Beijing: Archaeologists in China have claimed that they have unearthed at least 2000-year-old primitive "icebox" from the ruins of an emperor`s residence in northwest Shaanxi Province.
The cylindrical icebox of 1.1-meter diameter and 0.33-meter height was excavated in Qianyang County, Tian Yaqi, a researcher with the Shaanxi Provincial Institute of Archaeology, said. The box also contains several clay rings.
"The loops were put together to form a shaft of about 1.6 meters tall," Tina was quoted today by the state news agency.
The shaft was found three meters from the surface in the ruins of an ancient building, which experts believed was a temporary imperial residence during the Win Dynasty (221 – 207 BC).
"The shaft led to a river valley, but it could not have been a well," Tina said.
The researcher said that it can not be a well because the underground water level is much deeper than just three meters in the arid northwest China.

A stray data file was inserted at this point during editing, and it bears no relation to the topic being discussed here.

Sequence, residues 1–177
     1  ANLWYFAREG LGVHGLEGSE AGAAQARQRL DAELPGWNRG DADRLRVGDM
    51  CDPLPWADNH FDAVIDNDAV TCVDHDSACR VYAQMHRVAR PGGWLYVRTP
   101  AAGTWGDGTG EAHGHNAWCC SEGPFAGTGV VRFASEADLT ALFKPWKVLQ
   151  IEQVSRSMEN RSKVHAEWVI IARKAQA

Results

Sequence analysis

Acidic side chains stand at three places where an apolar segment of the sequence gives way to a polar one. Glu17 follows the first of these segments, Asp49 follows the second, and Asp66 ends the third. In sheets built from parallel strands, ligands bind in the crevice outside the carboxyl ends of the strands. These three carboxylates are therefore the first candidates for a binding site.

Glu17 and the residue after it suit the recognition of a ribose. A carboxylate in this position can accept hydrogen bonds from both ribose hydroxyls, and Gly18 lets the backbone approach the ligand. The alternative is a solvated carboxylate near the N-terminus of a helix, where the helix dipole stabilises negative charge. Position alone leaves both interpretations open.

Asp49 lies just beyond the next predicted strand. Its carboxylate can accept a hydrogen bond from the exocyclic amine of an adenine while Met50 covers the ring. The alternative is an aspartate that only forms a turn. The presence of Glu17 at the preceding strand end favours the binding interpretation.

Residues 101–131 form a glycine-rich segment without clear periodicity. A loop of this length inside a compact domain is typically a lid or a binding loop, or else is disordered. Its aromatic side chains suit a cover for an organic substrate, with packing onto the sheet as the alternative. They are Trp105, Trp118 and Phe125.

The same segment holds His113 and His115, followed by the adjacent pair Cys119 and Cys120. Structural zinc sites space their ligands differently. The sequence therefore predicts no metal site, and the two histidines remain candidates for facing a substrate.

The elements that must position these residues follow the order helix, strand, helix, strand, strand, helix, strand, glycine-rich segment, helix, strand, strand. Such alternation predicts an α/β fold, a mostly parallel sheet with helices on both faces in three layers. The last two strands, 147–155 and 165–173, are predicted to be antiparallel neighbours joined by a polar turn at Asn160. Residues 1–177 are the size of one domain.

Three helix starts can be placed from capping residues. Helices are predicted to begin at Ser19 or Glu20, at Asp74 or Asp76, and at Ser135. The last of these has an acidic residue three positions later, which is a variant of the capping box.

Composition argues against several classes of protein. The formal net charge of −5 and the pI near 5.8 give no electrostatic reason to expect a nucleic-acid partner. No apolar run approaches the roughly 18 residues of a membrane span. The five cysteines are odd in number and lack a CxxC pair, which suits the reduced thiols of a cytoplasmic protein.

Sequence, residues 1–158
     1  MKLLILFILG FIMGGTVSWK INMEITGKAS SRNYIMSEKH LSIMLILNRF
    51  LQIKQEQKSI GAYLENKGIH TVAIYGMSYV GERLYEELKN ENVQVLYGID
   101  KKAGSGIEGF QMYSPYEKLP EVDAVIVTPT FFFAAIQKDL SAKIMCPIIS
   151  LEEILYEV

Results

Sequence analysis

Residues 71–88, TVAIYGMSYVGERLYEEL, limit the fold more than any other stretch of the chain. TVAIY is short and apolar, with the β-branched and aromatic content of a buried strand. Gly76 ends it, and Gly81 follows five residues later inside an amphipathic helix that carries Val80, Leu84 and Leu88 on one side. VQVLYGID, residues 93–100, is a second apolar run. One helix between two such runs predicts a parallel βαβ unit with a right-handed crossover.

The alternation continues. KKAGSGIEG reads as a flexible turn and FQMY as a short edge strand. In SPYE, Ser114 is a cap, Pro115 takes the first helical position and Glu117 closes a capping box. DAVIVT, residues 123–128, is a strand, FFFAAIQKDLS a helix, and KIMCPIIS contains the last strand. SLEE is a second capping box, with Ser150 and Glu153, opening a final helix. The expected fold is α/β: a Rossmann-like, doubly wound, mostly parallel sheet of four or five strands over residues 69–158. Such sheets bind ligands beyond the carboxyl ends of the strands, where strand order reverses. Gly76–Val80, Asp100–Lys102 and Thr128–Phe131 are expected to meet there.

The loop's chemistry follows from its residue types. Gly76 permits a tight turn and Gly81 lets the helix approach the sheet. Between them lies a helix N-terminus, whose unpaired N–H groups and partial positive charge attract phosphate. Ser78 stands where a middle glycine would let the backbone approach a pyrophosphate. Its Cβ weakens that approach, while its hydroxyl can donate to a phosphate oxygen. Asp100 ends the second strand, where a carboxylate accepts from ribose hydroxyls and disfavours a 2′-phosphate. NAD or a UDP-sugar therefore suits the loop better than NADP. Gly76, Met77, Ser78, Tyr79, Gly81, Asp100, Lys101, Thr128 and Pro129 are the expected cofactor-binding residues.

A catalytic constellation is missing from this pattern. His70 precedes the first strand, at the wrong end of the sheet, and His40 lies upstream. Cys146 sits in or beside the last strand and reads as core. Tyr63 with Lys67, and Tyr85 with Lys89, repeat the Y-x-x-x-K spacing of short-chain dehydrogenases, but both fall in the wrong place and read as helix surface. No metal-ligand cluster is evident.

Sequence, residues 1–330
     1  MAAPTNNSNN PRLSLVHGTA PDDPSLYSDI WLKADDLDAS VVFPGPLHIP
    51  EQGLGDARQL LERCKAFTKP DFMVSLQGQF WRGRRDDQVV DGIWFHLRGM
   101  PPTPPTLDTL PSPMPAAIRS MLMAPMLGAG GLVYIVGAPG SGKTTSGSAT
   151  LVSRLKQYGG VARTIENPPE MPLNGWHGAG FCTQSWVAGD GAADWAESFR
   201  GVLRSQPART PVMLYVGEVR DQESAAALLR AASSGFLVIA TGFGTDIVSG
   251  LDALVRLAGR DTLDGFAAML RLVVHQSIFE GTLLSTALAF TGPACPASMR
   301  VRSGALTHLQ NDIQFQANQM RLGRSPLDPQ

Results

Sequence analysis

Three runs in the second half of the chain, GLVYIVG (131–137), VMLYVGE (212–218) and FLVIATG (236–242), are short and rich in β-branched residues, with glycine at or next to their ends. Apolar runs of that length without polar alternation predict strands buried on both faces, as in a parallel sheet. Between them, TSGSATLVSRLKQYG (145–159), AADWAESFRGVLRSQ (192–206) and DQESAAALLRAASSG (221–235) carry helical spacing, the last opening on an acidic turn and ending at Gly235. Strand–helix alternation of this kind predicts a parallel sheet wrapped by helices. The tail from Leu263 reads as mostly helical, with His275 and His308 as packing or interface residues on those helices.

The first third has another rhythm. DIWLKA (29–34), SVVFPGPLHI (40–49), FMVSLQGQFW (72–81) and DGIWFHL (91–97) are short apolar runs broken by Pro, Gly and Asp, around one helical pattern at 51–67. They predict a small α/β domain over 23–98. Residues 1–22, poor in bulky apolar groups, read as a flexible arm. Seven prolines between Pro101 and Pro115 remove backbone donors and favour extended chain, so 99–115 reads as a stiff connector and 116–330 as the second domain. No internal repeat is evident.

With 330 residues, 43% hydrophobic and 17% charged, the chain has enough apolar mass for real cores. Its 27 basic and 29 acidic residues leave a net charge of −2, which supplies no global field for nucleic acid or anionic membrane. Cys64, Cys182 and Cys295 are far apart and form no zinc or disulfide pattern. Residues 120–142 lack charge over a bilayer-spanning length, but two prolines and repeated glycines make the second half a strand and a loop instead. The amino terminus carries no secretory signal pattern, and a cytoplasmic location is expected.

"Nor would it have been possible to build a well inside the house," the researcher said.
Tina and his colleagues believe the shaft was an ice cellar, known in ancient China as "ling yin," a cool place to store food during the summer.
Reference to the ice cellars could be found in "Book of Songs", a collection of poetry from the Western Chou Dynasty (11th century -771 BC) to the Spring and Autumn Period (770 - 475 BC), which says that food kept in "ling yin" can stay fresh for three days in summer.
"If ice cellars were popular more than 2,000 years ago, it certainly sounds reasonable that the emperor and court officials would have one in their residence," said Tina.
Covering an area of about 22,000 square meters, the shaft and the residence were first discovered by villagers in 2006.
The area was immediately fenced off by authorities to protect the heritage site. Research work, which began in March, ended last week.